Cavalli: Heroines of the Venetian Baroque

Author: 
David Vickers
RIC359. Cavalli: Heroines of the Venetian BaroqueCavalli: Heroines of the Venetian Baroque
825646166435. CAVALLI L'Amore innamoratoCAVALLI L'Amore innamorato

Cavalli: Heroines of the Venetian Baroque

  • (L')Ormindo, Sinfonia
  • Giasone, Sinfonia
  • Calisto, Piante ombroso
  • Calisto, Restino imbalsamate
  • (La) Rosinda, Vieni, vieni in questo seno
  • Calisto, Verginella io morir vo
  • Calisto, Ninfa bella
  • Calisto, Non e maggior piacere
  • Artemisia, Dammi morte
  • Eliogabalo, Sinfonia
  • Artemisia, Affliggetemi, guai dolenti
  • (L')Ormindo, Che città
  • Toccata prima
  • (La) Didone, Alle ruine del mio regno
  • (La) Didone, L'alma fiacca svani
  • La suave melodia

Cavalli composed more than 30 operas for five different Venetian theatres, and most of the scores survive. Recordings of complete stage works are not exactly rare but constitute a drop in a very large ocean. Leonardo García Alarcón’s double album ‘Heroines of the Venetian Baroque’ is a clever chronological narrative that draws diverse extracts (often very short) from 27 different operas dating between 1639 and 1667, most of them sung by Mariana Flores. Proci’s impassioned ‘Volgi, deh volgi il piede’ from Gli amori di Apollo e Dafne has melodic leaps, moments of tormented dissonance and reiterated refrains that are reminiscent of Monteverdi’s famous lament from Arianna (revived during the same 1640 Carnival season). Interspersed among doleful scenes are lowbrow comic complaints about Cupid from Egisto (1643), L’Ormindo (1644) and La Doriclea (1645). Flores’s softer languid singing aptly conveys a nymph’s erotic longing for the return of her lover Jupiter (La Calisto, 1651). Isifile’s lament ‘Lassa, che far degg’io?’ in Giasone (1649) is sequenced next to a vividly dramatic account of her rival Medea’s incantation scene – the latter sung ardently by mezzo-soprano Anna Reinhold.

The two singers join together in a few dissimilar scenes such as the flamenco-infused depiction of a Spanish battle in La Veremonda (1653). Flores’s depiction of the enraged Juno in Ercole amante (Paris, 1662) is a potent tour de force, whereas the simile imagery of waves is realised beautifully in the gently rolling and overlapping string ritornellos that accompany Giulia’s ‘Come al mar corrono i fiumi’ from Pompeo Magno (1666). The recital’s multi-layered trajectory concludes with a quartet sung by two pairs of reunited lovers at the end of Eliogabalo (1667).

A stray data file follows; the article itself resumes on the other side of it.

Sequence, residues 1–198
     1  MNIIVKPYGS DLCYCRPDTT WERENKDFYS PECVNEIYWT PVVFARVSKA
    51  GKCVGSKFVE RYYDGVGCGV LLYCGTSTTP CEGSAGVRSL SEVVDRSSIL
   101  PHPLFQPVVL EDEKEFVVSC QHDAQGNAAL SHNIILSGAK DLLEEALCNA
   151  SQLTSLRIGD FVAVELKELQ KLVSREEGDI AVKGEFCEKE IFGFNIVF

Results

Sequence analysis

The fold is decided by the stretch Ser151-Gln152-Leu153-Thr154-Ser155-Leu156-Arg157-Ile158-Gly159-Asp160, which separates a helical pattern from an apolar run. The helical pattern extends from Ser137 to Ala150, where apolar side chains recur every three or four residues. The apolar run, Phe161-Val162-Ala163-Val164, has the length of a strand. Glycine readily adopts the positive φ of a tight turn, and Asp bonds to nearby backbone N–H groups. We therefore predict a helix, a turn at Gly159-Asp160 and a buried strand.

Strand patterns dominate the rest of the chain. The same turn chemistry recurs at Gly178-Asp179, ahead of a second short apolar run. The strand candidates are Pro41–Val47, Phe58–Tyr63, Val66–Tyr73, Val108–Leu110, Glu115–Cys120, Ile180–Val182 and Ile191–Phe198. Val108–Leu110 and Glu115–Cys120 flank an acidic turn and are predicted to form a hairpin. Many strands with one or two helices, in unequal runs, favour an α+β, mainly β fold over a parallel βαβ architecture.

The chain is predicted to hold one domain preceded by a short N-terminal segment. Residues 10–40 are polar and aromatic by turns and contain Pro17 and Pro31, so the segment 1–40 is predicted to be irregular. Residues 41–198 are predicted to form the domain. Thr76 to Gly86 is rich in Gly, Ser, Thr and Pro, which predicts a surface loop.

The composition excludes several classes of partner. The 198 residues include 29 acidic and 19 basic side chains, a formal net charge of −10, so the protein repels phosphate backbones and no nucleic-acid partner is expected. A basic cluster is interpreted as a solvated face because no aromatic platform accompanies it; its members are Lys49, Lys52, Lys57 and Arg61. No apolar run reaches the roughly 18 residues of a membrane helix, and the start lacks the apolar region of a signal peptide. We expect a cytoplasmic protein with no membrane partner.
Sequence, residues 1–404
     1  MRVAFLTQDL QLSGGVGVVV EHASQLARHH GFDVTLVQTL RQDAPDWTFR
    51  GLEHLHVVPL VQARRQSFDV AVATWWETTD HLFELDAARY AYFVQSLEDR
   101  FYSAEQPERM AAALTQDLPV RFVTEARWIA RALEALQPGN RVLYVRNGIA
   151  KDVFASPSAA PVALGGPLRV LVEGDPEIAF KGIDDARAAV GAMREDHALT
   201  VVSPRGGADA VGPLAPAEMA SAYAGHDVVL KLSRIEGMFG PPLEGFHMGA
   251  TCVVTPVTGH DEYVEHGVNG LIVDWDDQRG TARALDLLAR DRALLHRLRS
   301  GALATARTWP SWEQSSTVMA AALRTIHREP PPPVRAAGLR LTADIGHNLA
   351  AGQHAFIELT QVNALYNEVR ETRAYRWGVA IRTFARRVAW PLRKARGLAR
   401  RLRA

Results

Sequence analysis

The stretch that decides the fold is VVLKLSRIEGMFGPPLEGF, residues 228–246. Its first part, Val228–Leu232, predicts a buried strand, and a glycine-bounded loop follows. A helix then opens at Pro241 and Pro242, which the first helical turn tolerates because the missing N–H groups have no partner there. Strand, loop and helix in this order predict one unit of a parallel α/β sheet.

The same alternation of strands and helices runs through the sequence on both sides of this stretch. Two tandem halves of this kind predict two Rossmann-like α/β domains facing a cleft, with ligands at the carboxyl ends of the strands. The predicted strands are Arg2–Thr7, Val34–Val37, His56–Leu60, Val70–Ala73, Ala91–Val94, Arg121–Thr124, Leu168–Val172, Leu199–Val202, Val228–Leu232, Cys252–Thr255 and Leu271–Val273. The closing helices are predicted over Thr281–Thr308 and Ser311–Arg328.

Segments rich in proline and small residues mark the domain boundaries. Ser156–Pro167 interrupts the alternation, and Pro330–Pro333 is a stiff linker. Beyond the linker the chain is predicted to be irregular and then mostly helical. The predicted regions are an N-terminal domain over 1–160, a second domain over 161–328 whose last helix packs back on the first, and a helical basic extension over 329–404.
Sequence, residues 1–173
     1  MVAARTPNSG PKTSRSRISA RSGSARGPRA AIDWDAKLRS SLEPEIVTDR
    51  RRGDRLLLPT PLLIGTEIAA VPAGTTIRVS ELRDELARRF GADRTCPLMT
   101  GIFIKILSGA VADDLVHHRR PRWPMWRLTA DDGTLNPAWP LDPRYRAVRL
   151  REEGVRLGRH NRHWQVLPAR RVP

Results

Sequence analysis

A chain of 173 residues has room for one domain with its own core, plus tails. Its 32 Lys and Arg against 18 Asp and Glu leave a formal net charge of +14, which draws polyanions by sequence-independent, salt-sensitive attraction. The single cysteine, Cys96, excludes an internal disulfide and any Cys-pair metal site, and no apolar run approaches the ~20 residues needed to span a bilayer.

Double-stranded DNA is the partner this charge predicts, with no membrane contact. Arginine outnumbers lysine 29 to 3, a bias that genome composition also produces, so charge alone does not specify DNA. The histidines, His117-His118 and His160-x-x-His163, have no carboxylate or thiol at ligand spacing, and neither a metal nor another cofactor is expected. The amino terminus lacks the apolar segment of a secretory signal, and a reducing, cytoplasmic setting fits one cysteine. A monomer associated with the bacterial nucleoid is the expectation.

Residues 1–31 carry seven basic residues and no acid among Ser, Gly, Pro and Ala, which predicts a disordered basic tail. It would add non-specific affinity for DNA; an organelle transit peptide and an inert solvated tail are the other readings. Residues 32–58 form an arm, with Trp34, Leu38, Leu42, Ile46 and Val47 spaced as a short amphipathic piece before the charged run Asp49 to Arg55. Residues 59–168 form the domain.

Christina Pluhar and L’Arpeggiata take their recital’s title ‘L’amore innamorato’ from an early lost opera (1642). Up to 10 vivacious continuo pluckers generate lilting energy that transports listeners on an imaginative whistle-stop tour of Cavalli’s operas. Hana Blažíková’s nimble diminutions beguile in Harmony’s prologue to L’Ormindo (addressed to the good citizens of La Serenissima), and her plaintive chromatic lines in ‘Affliggetemi, guai dolenti’ from Artemisia (1657) combine superb technique and harmonic intelligence. Calisto’s enraptured ‘Restino imbalsamate’ (the only selection duplicated in both recitals) is charged with erotic languor by Nuria Rial, who elsewhere delivers gleeful humour in Nerillo’s thinly disguised paean to the craziness of Venice (L’Ormindo) and evokes tragic despair in Cassandra’s lament from La Didone (1641).

Almost every number is credited transparently as having been ‘arranged’ by Pluhar, which probably tells the wary purist something about improvisational flights of fancy (Alarcón is not immune to some interventionist touching-up either). Not everyone will relish the fusion cuisine served up by Pluhar’s realisations – ‘Ninfa bella’ from La Calisto turns into an instrumental jam session not far removed from the Latin-jazz-rock of the early 1970s band Santana – but the singing is frequently sensational and L’Arpeggiata’s colourful playing conjures alluring fantasy.

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